• Krop, Mahuchik and Winger set world leads in Brussels

Posted by: Watch Athletics
Image Source: Diamond League

Jacob Krop, Yaroslava Mahuchik and Kara Winger set three world leads at the 46th edition of the Memorial Ivo Van Damme at the King Baudouin in Brussels in the final meeting of the Wanda Diamond League before the finals in Zurich next week. 

The Memorial Van Damme was also highlighted by three meeting records set by Jasmine Camacho Quinn in the women’s 100m hurdles, Kara Winger  and Yaaroslava Mahuchik.

Men’s 5000 metres: 

Jacob Krop won the men’s 5000 metres setting the world seasonal lead with 12.45.71. Krop moved up into sixth place in the world all-time list. Grant Fisher took second place improving the North American record with 12:46.96. Six men dipped under the 13 minutes barrier in a world class race. Nicholas Kipkorir from Kenya finished third in 12:50.97. Domnic Lobalu from South Sudan set a national record of 12:52.15 to finish fourth. Daniel Ebenyo from Kenya and Stewart McSweyn from Australia also improved their PBs clocking 12:54.90 and 12:56.50. Oscar Chelimo crossed the finish-line in seventh place with a PB of 13:00.42. 

Jacob Krop: “I met most of the competitors in Monaco, when we ran the 3000m. I knew them a bit better. Today was the second time running with them and I knew what to do. The race was tough today, but I tried my best and took the win. 

Women’s high jump: 

Yaroslava Mahuchik won the women’s high jump setting a PB and a world lead with 2.05m in the second attempt.

Mahuchik also equalled the national record and tied the meeting record held by Anna Chicherova since 2014. She made three unsuccessful attempts at Stefka Kostadinova’s world record at 2.10m, but this height does not appear out of reach for the 20-year-old Ukrainian jumper. 

Yaroslava Mahuchik: “It is joyful that I jumped my PB because my previous record of 2.04m was from 2019.That is a long time to improve my jump. I tried 2.10m today but for now that is a bit too high. For a long time nobody even attempted that height, so I feel very good. My agent said that I can jump more than 2.10m, so maybe if the conditions are right. Next up is Zurich, my last of this season. It was definitely the most difficult season so far because of the war in my country. Today I jumped for all the Ukrainian people. I know that they smile now”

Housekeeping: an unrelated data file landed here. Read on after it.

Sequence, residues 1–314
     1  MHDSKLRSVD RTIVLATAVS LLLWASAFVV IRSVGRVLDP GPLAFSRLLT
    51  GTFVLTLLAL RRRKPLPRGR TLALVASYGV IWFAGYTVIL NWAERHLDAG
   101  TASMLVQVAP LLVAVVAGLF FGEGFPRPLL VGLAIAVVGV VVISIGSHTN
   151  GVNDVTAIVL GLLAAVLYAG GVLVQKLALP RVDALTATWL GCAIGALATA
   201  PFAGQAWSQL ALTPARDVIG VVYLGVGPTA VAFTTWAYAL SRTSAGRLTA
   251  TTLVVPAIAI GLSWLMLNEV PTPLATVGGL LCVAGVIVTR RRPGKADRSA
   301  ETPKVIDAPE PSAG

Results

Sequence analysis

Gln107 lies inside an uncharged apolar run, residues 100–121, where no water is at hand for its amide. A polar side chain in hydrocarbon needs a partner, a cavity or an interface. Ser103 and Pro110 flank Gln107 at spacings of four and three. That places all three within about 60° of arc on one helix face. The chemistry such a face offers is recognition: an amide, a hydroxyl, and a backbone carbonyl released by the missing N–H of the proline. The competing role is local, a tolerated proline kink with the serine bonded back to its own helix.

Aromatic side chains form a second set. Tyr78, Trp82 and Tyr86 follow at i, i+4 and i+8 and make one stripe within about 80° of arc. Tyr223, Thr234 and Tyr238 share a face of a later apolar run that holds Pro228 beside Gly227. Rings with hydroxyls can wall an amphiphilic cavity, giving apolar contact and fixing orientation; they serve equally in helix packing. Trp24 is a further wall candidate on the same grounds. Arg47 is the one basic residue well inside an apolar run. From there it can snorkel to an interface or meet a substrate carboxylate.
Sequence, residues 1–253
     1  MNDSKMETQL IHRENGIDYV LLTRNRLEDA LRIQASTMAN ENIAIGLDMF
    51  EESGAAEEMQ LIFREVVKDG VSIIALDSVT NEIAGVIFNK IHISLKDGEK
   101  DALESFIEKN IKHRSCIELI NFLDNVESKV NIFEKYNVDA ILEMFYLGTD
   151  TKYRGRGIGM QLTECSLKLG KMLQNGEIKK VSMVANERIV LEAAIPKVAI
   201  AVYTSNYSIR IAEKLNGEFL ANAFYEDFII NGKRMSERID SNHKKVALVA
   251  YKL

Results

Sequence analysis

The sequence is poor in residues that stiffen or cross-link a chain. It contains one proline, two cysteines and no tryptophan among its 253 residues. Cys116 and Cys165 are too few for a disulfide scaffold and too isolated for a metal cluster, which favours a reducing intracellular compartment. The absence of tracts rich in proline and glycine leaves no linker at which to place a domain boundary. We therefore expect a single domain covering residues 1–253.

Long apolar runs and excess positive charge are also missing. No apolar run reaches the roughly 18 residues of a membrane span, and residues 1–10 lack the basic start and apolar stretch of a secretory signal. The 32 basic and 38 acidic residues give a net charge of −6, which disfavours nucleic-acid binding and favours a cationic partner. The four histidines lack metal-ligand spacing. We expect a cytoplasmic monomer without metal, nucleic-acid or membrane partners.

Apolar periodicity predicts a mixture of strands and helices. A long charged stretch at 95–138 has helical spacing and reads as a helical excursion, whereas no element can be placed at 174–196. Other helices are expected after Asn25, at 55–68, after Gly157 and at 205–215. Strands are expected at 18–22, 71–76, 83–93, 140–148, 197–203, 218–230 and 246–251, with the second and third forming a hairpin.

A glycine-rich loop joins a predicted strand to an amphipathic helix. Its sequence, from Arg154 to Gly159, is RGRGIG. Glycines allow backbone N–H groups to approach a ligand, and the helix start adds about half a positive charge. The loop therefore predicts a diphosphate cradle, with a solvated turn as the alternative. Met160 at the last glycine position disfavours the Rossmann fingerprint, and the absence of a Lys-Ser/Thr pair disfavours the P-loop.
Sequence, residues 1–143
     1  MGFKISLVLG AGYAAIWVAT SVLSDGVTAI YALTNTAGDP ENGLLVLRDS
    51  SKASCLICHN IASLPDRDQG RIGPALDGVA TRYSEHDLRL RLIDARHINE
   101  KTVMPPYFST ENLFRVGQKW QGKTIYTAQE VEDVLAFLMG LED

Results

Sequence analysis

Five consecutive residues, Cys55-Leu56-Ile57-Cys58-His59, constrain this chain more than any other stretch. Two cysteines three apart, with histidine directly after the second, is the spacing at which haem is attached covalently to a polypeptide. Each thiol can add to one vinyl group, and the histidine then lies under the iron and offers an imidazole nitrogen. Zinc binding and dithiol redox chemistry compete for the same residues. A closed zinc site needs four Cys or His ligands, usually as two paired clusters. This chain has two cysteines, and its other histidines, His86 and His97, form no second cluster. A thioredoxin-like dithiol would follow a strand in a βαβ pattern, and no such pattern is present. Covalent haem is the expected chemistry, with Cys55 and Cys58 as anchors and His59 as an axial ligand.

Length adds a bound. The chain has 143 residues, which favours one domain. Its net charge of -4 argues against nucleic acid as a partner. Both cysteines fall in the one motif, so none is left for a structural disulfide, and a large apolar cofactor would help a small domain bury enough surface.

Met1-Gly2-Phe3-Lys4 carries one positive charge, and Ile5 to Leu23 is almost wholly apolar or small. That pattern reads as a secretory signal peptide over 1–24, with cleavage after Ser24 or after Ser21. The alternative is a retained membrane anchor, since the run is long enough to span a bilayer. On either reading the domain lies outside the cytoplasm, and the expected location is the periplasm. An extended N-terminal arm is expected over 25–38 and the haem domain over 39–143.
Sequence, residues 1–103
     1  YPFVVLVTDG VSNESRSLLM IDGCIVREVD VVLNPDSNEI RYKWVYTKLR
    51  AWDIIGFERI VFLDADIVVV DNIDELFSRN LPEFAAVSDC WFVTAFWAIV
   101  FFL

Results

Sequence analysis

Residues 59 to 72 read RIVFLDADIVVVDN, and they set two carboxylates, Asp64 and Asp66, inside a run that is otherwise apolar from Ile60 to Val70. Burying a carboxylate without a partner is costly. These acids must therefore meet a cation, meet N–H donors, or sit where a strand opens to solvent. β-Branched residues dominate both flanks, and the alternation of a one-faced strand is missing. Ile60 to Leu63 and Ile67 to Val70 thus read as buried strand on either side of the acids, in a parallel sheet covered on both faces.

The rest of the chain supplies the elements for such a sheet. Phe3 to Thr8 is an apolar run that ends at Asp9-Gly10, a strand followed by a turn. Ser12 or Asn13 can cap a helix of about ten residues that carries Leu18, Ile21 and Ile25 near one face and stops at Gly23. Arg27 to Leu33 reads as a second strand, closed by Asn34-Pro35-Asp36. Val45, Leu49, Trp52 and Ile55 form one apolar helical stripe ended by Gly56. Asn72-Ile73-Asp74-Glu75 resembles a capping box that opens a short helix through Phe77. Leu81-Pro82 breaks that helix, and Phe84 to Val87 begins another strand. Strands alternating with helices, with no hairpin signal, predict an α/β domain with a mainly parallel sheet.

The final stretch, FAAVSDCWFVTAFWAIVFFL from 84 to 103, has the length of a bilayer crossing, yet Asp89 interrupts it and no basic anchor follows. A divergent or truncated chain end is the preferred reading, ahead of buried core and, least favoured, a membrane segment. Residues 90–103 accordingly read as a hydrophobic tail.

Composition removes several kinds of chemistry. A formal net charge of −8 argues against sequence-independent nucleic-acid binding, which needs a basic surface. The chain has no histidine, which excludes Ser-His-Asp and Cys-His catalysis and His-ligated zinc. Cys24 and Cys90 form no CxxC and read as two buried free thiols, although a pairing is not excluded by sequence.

Eleanor Patterson from Australia took second place with 1.94m beating her compatriot Nicola Olyslagers (1.91m). 

Women’s javelin throw: 

World silver medallist Kara Winger threw the javelin to a world lead of 68.11m in the final round, improving her lifetime best. Thanks to this win Winger booked her spot in the Diamond League final.  The previous meeting record had been held by Barbora Spotakova with 67.99m since 2014. Haruka Kitaguchi from Japan finished second with 63.45m ahead of last year’s  world under 20 champion Adriana Vilagos (63.00m). 

Women’s 100 metres hurdles: 

Olympic champion Jasmine Camacho Quinn won her sixth Diamond League race of the season in the women’s 100m hurdles setting a meeting record and a seasonal best of 12.27. 

The previous meeting record had been held by Yordanka Donkova with 12.42 since 1986. 

Jasmine Camacho Quinn: “I felt really good in the warm up and actually ran the race that I wanted. I feel that I have more to give.I still want to fix it up. Hopefully, I can do that in the next couple of trainings before Zurich. Other than that I am very happy with the race and the result. It has been a tough year  for me physically and mentally. Just to be able to come so far and to compete at this level proves how strong I am”.  

Tia Jones  took second place in 12.38 ahead of Kendra Harrison (12.40) and world silver medallist Britany Anderson (12.44). Olympic bronze medallist Megan Tapper took fifth place setting a PB of 12.51.  

Women’s 100 metres: 

World 200m champion Shericka Jackson just edged five-time world champion Shelly Ann Fraser Pryce by 0.01 in 10.73 in a close photo-finish to win the women’s 100m race. Jackson was 0.01  shy of the meeting record held by Fraser Pryce and Elaine Thompson Herah. 

Shericka Jackson: “It takes a lot of work to beat Shelly Ann Fraser. She is a tough cookie to beat. You need to keep working hard if you want to win. Tonight I had a good execution of my race, so I am happy with that”. 

Marie Josée Ta Lou placed third in 10.79. US sprinters Aleia Hobbs and Sha’Carri Richardson also dipped under the 11 seconds clocking 10.91 and 10.93. 

Women’s 1500 metres: 

European silver medallist Clara Mageean took a surprising win in the women’s 1500 metres in a PB of 3:56.63. Mageean broke Sonia O’Sullivan’s national record of 3:58.85. Laura Muir and Freweyni Hailu also dipped under the 3:57 barrier clocking 3:56.86 and 3:56.94. Seven women broke the 4 minutes in a great race. Diribe Welteji from Ethiopia took fourth place in 3:57.82 ahead of Heather MaClean (3:58.76) and Elise Cranny (3:59.61) and Winnie Nanyondo (3:59.81).